Swarming Pacers too much for Sixers to hold off

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76ers forward Thaddeus Young is defended by Indiana Pacers forward Danny Granger. (AP Photo/Darron Cummings)

INDIANAPOLIS - In the minutes after Saturday night's 99-86 loss to the Indiana Pacers, 76ers coach Doug Collins dropped a statistic that landed with the weight of a bowling ball.

No one on the Sixers' roster - not one player - has a winning record as a basketball professional. In the locker room after his team was run over by the Pacers - almost literally - Collins said he informed his team of that exact fact.

"We have to break a lot of losing habits," Collins said. "And that's my job, to try to get that done."

The Sixers, despite leading by 13 in the first half, dropped to 0-3; the Pacers, led by Danny Granger's 22 points, improved to 2-1.

So much of Saturday night's loss was indicative of the larger problems with this team: going scoreless for long stretches, getting overwhelmed near the rim, and losing the composure to keep the game competitive.

In the third quarter, Indiana outscored the Sixers, 27-15, and blew open what had been a tie game.

While the Sixers were over-dribbling and attacking one-on-one, the Pacers were streaming to the rim for a succession of high-flying jams that made the entertainment during time-outs, which included trampolines, look like child's play.

After each transition dunk, the dunker then urged the Conseco Fieldhouse crowd to rise.

And the crowd responded.

It wasn't difficult to conclude, early in the third quarter and with the energy so distinctly against the Sixers, that this game would be a replay of many previously seen.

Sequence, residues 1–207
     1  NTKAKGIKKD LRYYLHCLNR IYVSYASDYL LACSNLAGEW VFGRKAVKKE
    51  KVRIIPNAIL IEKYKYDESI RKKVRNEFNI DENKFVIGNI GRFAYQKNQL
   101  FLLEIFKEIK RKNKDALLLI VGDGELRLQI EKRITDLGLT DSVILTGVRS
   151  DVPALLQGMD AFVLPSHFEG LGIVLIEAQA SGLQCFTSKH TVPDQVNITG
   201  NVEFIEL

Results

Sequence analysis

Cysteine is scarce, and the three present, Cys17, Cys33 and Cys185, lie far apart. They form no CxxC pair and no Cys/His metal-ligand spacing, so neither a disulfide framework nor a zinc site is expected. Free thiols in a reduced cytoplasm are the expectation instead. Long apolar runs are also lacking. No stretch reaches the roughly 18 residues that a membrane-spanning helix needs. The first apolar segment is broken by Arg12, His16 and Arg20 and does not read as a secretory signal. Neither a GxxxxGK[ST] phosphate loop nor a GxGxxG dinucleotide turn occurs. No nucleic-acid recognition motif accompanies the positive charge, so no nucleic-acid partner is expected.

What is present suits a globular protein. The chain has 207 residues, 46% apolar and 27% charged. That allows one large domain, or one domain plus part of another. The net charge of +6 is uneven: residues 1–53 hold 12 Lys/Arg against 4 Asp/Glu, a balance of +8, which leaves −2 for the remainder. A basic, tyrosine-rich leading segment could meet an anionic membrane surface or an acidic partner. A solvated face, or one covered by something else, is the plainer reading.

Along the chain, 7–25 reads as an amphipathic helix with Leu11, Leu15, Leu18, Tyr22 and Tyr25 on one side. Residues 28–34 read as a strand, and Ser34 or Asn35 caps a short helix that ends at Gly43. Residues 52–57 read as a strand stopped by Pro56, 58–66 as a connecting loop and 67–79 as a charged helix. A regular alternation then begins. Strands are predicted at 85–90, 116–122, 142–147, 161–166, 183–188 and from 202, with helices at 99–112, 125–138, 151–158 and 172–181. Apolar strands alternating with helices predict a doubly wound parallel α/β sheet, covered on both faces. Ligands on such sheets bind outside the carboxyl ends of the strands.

"It's like the same old movie," Collins said. "Bad stretches."

From the start of the second half until 3 minutes, 56 seconds left in the third quarter, the Sixers scored 5 points and committed 8 turnovers.

Game over.

"In this league, you have to have a solid unit who can complement each other in order to win," said swingman Andre Iguodala, who scored 12 points. "And right now, we're not on the same page. We're playing a little selfish . . . on the court we're a little too selfish instead of looking out for one another to play better basketball as a unit."

Instead of taking a deep breath and executing an offensive set, each individual player appeared determined to single-handedly return the team to offensive glory. By game's end, there was frustration when multiple missed block-outs allowed Indiana to further drain the clock, and there were looks of bewilderment when ambitious drives to the hoop resulted in offensive fouls.

"It's one thing playing passionately and it's another playing emotionally," Collins said. "I thought we started playing emotionally. You can't play basketball emotionally."

In the first half, combo guard Lou Williams scored 18 points on 7 for 7 shooting. In the second half, Williams scored 0 points on 0 for 1 shooting, committing 4 turnovers in just over 7 minutes of action. Perhaps no player better represented the team's current feast-or-famine personality.

"We're here to win," said point guard Jrue Holiday, who finished with 12 points. "Every person in here, we want to win. Losing isn't fun to us. We talk about it all the time, how we're going to come here and change it around. It's just some times we have stretches where we don't score, or they catch fire and we don't come back with something - and that's what we need to change."

 


Contact staff writer Kate Fagan at 856-779-3844 or kfagan@phillynews.com.